And then, as if on cue, a pod of bottlenose dolphins slips through the surface of the water, arching in unison; some quality interaction in the peace and quiet. With a symmetry and a synchronicity that is inherent to Doubtful Sound and acting like goodwill ambassadors, they conduct us the length of the Arm. At a respectful distance, a zodiak of French marine biologists researching the interactive behaviour of dolphins and humans studies them and us. Among the largest known of their species, there are about 60 dolphins in the resident pod in Doubtful Sound. Bottlenose Dolphins are true dolphins given their peg-like teeth and short thick beaks. Their slender graceful bodies can reach almost four metres, their distinctive dorsal fin is tall and curves elegantly backwards. The light grey of their glistening backs gradually becomes lighter shades on their sides and white on their bellies. These exquisite creatures move with skill and grace propelled by large flukes that are deeply notched. Each member of the species has its own signature whistle and they form diverse bonding groups. It is seldom that they leave Doubtful Sound.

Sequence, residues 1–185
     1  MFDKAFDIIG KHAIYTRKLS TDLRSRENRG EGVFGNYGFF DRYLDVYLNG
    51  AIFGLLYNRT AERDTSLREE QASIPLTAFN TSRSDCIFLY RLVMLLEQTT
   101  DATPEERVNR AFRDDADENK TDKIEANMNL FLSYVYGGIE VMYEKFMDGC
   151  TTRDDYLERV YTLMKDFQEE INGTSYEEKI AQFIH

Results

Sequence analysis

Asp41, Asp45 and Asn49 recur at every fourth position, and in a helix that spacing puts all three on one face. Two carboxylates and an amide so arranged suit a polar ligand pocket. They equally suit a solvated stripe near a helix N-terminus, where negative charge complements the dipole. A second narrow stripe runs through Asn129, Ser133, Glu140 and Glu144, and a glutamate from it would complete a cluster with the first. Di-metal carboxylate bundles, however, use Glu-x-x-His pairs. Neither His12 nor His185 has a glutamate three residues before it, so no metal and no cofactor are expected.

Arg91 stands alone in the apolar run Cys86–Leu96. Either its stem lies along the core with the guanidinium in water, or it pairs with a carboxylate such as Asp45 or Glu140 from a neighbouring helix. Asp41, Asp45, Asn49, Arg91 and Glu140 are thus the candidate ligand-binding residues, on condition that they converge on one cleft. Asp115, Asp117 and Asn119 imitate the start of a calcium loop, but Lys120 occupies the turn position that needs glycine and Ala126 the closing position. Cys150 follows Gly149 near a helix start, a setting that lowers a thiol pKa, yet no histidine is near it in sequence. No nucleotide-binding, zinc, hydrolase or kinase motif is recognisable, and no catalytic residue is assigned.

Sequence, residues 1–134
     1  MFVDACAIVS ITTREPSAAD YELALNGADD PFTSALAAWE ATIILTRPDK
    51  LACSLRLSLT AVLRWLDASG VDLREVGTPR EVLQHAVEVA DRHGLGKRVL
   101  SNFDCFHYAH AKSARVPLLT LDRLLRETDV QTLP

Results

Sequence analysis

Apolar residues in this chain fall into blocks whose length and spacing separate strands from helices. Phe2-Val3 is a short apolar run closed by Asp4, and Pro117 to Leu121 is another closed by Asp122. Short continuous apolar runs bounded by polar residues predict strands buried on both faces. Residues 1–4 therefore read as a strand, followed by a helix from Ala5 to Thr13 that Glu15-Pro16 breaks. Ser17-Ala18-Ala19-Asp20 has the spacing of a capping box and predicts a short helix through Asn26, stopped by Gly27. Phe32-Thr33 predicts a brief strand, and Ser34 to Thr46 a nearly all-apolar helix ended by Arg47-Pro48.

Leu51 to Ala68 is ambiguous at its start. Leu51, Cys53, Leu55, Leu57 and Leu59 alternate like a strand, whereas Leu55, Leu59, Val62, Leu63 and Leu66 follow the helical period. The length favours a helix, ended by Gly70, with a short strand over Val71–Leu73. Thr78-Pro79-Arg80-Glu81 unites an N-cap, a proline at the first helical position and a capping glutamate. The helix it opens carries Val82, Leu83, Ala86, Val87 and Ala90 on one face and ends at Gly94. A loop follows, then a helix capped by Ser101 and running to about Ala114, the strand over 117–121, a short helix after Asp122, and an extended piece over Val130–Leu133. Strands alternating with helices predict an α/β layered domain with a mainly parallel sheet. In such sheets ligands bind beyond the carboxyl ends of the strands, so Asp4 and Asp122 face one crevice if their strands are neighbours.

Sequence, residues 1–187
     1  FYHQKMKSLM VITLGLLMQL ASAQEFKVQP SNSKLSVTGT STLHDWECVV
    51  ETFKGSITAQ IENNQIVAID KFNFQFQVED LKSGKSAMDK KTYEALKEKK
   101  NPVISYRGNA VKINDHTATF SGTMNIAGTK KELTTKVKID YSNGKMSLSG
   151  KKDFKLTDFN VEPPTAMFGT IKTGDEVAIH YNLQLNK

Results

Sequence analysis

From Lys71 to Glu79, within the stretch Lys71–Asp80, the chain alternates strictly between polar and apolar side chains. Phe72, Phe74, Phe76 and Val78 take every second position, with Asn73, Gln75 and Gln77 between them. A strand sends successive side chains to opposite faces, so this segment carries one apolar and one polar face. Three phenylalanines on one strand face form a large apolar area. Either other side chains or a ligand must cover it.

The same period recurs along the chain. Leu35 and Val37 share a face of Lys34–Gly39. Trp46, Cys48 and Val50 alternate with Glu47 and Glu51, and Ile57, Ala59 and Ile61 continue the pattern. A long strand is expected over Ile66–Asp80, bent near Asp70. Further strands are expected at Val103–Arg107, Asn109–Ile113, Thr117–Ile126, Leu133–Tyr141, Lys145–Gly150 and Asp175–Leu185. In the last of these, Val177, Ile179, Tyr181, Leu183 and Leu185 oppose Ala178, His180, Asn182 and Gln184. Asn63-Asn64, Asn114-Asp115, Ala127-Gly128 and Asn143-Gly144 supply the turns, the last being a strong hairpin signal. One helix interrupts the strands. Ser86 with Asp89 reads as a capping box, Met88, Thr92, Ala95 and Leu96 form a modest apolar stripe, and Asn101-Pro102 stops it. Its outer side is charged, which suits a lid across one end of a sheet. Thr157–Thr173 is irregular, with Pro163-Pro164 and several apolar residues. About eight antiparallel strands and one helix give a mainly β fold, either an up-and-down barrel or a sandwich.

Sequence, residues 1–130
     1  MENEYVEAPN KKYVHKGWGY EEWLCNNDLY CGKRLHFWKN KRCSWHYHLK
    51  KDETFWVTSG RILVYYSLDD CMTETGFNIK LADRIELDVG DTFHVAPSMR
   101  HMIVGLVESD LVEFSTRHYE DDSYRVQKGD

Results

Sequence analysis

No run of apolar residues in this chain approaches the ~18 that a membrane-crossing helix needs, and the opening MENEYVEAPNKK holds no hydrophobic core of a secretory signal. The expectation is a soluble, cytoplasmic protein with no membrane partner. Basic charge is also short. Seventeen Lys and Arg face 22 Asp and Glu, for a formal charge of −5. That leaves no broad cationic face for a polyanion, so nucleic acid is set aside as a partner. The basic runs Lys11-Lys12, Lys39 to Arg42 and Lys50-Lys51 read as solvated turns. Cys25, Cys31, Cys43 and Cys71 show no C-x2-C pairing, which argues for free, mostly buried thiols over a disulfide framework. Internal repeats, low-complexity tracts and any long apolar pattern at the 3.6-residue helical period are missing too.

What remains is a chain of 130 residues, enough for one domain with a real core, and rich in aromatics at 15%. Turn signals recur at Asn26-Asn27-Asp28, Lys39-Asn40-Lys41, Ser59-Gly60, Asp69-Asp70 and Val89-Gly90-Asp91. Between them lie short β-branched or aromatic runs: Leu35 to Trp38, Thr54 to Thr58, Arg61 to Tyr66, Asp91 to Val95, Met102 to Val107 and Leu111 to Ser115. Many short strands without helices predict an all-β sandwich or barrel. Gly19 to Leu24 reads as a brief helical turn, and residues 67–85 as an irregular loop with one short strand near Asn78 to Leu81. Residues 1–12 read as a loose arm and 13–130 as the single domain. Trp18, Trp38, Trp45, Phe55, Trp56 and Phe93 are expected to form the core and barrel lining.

The dolphins dive, we wait and hold our breath, and then they resurface. They dive again, we wait for them, but this time they are gone. The captain slowly turns the vessel and we begin to head back to Deep Cove, and then, just before we reach the wharf, the dolphins reappear, this time much more playful, exuberant, and capering alongside us, now that they see that we are safely on our way, and they are home safe.
Getting to Doubtful
For more information on excursions to Doubtful Sound, follow the links on the New Zealand Tourism Board’s excellent website.
You can also contact Fiordland Travel in Queenstown, tel: 03-442 7500; fax: 03-442 7504; Te Anau, tel: 03-249 7416; fax: 03-249 7022; email firstname.lastname@example.org or by visiting the website www.fiordlandtravel.co.nz.
Concerned about the long flights? Try a Pacific hop-skip-and-jump as we did. Air New Zealand, a Star Alliance partner, (www.airnewzealand.com) has excellent connections through variations major cities around the world. We were also able to plan our itinerary so that all our flights were day-time ones.